SENSOR TUTORIAL – IR detector Make remote controls and listeners Making an Intervalometer, Read IR commands from an Apple remote, use for your projects and more!

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Here is a new SENSOR TUTORIAL! IR detector Make remote controls and listeners Making an Intervalometer, Read IR commands from an Apple remote, use for your projects and more!.

What is an IR detection sensor?

IR detectors are little microchips with a photocell that are tuned to listen to infrared light. They are almost always used for remote control detection – every TV and DVD player has one of these in the front to listen for the IR signal from the clicker. Inside the remote control is a matching IR LED, which emits IR pulses to tell the TV to turn on, off or change channels. IR light is not visible to the human eye, which means it takes a little more work to test a setup.

There are a few difference between these and say a CdS Photocells:

  1. IR detectors are specially filtered for Infrared light, they are not good at detecting visible light. On the other hand, photocells are good at detecting yellow/green visible light, not good at IR light
  2. IR detectors have a demodulator inside that looks for modulated IR at 38 KHz. Just shining an IR LED wont be detected, it has to be PWM blinking at 38KHz. Photocells do not have any sort of demodulator and can detect any frequency (including DC) within the response speed of the photocell (which is about 1KHz)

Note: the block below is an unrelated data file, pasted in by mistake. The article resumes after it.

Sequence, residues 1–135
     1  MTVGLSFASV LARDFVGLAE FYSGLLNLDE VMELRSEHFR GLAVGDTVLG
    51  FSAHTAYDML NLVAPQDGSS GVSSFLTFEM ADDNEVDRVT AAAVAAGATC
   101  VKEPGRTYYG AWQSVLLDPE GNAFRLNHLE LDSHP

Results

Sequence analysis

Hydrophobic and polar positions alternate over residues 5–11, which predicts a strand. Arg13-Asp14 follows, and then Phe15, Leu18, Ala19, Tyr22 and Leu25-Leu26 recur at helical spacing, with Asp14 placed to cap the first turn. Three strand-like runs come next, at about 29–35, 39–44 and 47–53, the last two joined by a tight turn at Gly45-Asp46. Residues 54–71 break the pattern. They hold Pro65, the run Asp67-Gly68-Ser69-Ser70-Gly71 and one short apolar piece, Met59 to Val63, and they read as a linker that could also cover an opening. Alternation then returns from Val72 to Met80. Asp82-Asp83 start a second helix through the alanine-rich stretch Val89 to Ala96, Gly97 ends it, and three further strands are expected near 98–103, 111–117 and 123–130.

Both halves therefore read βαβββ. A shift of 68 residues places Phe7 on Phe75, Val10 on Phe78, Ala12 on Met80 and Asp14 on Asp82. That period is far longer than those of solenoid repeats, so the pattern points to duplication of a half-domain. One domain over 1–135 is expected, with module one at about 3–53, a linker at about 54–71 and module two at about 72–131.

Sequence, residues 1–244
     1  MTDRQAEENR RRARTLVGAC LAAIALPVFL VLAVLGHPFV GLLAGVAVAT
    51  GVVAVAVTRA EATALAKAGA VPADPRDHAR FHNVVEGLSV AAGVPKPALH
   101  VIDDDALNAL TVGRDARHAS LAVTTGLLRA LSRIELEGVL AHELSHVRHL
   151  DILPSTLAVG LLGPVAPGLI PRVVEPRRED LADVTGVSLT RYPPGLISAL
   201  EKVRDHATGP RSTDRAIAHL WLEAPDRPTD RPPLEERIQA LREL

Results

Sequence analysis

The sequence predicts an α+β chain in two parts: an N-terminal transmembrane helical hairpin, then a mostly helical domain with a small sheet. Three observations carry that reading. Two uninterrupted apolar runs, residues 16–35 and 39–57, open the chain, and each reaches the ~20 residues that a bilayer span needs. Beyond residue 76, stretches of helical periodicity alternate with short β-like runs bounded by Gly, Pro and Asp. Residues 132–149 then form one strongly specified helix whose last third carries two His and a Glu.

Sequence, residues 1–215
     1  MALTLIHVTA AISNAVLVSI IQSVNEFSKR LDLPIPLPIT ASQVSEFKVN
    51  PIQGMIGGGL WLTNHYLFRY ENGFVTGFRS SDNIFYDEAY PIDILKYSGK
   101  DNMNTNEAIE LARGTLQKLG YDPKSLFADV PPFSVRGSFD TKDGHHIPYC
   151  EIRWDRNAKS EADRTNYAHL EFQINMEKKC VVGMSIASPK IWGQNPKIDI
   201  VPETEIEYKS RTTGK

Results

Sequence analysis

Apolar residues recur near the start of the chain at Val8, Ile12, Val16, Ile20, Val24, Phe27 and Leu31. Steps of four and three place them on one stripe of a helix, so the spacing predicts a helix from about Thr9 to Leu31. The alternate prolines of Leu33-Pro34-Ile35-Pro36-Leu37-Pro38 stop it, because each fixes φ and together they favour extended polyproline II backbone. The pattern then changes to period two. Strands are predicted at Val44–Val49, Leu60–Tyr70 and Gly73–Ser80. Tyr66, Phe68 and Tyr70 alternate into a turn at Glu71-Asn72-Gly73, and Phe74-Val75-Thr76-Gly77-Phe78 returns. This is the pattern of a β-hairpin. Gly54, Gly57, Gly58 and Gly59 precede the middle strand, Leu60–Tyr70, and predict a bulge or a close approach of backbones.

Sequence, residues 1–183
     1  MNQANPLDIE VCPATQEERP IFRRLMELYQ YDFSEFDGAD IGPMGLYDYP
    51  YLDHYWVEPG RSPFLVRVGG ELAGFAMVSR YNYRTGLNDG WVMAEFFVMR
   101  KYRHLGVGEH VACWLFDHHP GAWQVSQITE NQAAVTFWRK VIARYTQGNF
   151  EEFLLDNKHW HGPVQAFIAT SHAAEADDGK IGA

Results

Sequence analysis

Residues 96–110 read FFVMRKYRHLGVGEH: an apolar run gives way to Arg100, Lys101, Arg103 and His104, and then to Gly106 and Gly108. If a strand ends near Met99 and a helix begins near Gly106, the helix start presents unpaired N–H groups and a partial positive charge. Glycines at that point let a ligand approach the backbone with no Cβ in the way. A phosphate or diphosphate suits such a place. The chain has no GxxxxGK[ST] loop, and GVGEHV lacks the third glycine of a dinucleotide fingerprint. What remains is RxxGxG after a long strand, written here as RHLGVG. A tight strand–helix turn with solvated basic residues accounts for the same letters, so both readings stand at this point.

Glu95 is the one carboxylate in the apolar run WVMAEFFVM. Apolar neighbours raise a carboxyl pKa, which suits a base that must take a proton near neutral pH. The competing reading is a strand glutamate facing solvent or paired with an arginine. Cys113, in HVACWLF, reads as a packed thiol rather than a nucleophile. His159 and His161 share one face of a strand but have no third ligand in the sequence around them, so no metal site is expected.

3. IR detectors are digital out – either they detect 38KHz IR signal and output low (0V) or they do not detect any and output high (5V). Photocells act like resistors, the resistance changes depending on how much light they are exposed to

In this tutorial we will show how to

  1. Test your IR sensor to make sure its working
  2. Read raw IR codes into a microcontroller
  3. Create a camera intervalometer
  4. Listen for ‘commands’ from a remote control on your microcontroller

Read more!

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  1. Thank you for posting this! I’ve been trying to do something like this to make a remote A/C starter (Arduino + Ethernet Shield + IR LED to my window A/C’s IR sensor). Now that summer’s over, though, I’ll have to bookmark this for next year.

    When I was trying to make mine, I was trying to use the Arduino function pulseIn() to get the IR codes, but looking at the code, I see that you didn’t use that. Is it not appropriate for this type of application?

  2. As always, somebody posts a great tutorial right after i finish my project. This is fantastic info all in one place.

    Since you use delay to set timings, you will find if you build a device that has interrupts, etc, the timings will get off and the tx won’t work. The library in this guys blog is awesome.


    I made a project here


  3. Hey wonderful tutorial! Thanks for this. Isn’t the ML-L3 remote made my Nikon? You have it listed as canon in the article. As a D90 user I can’t stand for this haha. Keep up the great work guys!

  4. Awesome projects, build some Halloween remotes to activate creepy props and then use this Android-based sound machine for background: http://www.androlib.com/android.application.com-peake-hallowscreamy-jECnC.aspx

    Random sounds, music, etc! Better than an old CD with looping music.

  5. By the way – wow! That resistor-based Captcha – totally original – simply the best!!! Training tool built into a feedback validation mechanism. Very ingenious!

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